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'You can get through it'

Those who attend the annual Luncheon of Hope and who make regular donations to breast cancer research are helping more than they'll ever know, according to breast and pancreatic cancer survivor Libby Znaimer.
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Libby Znaimer, a breast and pancreatic cancer survivor, was the guest speaker at the annual Luncheon of Hope Sept. 30. She is the author of a book called Cancerland, which recounts her experiences with cancer. Photo by Marg Seregelyi.

Those who attend the annual Luncheon of Hope and who make regular donations to breast cancer research are helping more than they'll ever know, according to breast and pancreatic cancer survivor Libby Znaimer.

Znaimer was this year's guest speaker at the Northern Cancer Research Foundation's 13th annual Luncheon of Hope Sept. 30 at the Caruso Club.

Hundreds of people, men and women, dressed in pink for the occasion, which celebrates contributions to innovative cancer research activities that are making an impact on the world stage.

Libby Znaimer, a breast and pancreatic cancer survivor, was the guest speaker at the annual Luncheon of Hope Sept. 30. She is the author of a book called Cancerland, which recounts her experiences with cancer. Photo by Marg Seregelyi.

Libby Znaimer, a breast and pancreatic cancer survivor, was the guest speaker at the annual Luncheon of Hope Sept. 30. She is the author of a book called Cancerland, which recounts her experiences with cancer. Photo by Marg Seregelyi.

The Luncheon of Hope is an important fundraiser for breast cancer research, Maureen Lacroix, chair of the Northern Cancer Research Foundation, said. Northern Life is the platinum sponsor for the event. 

This year's luncheon cooked up $46,000, bringing the total of the 13-year campaign close to $500,000. 

“It's an interesting event, because we invite speakers who have had their own experiences with cancer and they tell their stories and how they dealt with it,” she said.

“This event is a way to support and remember those who are dealing either directly or indirectly with cancer, and to acknowledge the staff at the cancer centre who continue to help fight the battle.”

Znaimer is a Canadian journalist specializing in health, arts and lifestyles issues. Her resume includes contributions to the Globe and Mail and National Post. She is also the national spokesperson for Pancreatic Cancer Canada.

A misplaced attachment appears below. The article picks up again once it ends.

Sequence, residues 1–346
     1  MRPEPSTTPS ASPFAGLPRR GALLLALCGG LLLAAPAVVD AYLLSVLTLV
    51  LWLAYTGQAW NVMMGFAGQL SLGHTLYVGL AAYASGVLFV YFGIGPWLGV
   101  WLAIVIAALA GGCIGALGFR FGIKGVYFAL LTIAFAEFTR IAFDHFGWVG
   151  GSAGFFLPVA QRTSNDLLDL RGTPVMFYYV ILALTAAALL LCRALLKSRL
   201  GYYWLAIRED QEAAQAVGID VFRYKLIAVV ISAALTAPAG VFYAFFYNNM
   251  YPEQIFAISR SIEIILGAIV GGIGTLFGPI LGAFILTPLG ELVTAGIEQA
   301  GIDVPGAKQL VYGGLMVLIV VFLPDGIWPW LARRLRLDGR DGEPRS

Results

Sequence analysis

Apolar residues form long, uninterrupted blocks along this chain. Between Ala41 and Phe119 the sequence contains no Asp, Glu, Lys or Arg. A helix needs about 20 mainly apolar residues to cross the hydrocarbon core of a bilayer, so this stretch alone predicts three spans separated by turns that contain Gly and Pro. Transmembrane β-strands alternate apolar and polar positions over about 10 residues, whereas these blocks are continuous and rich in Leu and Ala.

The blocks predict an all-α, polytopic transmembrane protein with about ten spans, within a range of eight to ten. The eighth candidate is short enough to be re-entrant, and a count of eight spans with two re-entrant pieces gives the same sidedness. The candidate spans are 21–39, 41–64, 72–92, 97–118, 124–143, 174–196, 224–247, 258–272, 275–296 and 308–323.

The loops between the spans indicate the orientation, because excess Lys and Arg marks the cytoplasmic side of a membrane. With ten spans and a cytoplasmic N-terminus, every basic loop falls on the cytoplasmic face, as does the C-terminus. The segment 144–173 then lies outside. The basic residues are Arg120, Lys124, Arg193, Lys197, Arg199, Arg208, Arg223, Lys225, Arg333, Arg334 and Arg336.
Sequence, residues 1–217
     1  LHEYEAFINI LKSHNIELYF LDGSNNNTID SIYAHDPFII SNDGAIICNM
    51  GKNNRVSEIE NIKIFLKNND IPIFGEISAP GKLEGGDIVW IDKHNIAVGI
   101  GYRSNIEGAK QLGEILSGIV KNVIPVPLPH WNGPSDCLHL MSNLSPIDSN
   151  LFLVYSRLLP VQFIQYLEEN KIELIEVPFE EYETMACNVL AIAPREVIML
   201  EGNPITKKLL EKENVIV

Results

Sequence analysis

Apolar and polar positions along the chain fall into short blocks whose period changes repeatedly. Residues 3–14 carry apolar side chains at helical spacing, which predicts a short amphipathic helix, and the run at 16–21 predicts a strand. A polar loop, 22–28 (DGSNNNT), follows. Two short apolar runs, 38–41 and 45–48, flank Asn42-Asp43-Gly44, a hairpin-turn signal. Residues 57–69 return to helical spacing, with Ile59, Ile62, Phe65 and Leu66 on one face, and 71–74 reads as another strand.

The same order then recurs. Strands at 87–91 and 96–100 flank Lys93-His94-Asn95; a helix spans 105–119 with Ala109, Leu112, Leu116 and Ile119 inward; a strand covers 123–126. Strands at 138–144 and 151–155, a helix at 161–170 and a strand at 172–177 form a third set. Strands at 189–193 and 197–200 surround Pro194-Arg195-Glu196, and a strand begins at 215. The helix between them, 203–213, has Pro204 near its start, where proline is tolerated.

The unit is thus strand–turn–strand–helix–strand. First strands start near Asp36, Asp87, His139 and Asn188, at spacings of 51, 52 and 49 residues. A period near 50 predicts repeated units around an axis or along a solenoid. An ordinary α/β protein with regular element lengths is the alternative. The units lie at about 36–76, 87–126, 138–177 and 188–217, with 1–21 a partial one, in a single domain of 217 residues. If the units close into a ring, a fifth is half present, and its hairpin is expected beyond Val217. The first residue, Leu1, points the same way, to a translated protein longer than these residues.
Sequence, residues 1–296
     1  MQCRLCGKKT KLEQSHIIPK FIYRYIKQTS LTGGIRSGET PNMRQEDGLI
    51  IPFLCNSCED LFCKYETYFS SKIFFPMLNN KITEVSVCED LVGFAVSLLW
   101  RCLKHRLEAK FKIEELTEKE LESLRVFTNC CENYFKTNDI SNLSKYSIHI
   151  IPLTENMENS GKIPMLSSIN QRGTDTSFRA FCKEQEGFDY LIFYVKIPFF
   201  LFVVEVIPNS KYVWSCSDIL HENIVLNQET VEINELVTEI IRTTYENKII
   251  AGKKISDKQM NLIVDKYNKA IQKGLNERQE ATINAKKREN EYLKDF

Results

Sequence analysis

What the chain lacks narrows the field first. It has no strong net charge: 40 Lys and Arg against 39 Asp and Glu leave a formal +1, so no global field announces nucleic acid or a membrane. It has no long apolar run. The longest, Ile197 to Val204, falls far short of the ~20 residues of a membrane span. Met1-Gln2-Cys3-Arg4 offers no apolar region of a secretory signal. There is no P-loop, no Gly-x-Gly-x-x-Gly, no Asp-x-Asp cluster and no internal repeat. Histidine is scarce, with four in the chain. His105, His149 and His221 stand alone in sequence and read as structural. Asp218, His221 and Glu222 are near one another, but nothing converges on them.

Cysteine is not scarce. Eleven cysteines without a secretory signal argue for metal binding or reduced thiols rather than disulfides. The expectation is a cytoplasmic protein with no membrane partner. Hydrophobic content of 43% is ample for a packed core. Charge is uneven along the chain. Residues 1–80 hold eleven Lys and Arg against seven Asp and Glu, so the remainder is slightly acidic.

Znaimer inked her first book, In Cancerland – Living Well Is The Best Revenge in October 2007.

Her mission was go deliver a message of hope, and to touch on how far treatment has come. Five years ago, she was diagnosed with breast cancer, and two years later, she was diagnosed with pancreatic cancer, which usually is deadly.

“Because of the things they knew about me from my bout with breast cancer, they were able to give me personalized treatment that saved my life,” Znaimer said. “In turn, what they learned through my treatment helped save the lives of other people who didn't have such a good prognosis.”

Znaimer said she wasn't surprised to learn she had breast cancer. Her own mother battled the same disease when she was in her 40s, and she eventually died a “painful and difficult” death from ovarian cancer.

There are many more treatments available today than there were 20 years ago, thanks to the advancements through research, Znaimer said, which is why it's “critical to support research, and to get out the message that this happens to many people.”

Znaimer advised those with cancer to allow themselves to feel what they feel, because it isn't healthy to try to put on a brave front and have a positive attitude if that's not the way a cancer patient feels.

“If it happens to you or a loved one, take a deep breath, because you can get through it,” she added.

The Luncheon of Hope is one of the foundation's main fundraisers, and it's a sold-out event every year, Lacroix said.

The foundation plays host to five signature fundraising events throughout the year, but there is a number of other events where people from the community come forward and raise money for research efforts, because their own lives have been touched by the deadly disease.

“There is always more that needs to be done, but lately there has been some incredible discoveries related to breast cancer,” Lacroix said. For example, the length of time people are able to live healthily after treatment has definitely increased, she said, and there is always more news like this coming out.

“In time, I think it will get to the point where we beat this.”

At the luncheon, Mayor Marianne Matichuk declared October as Breast Cancer and Breast Care Awareness Month.

The NCRF was formed in an effort to support cancer research and cancer care programs of the Regional Cancer Program of Sudbury Regional Hospital. Since its inception, it has treated about 10,000 patients for breast cancer.

-Posted by Heidi Ulrichsen




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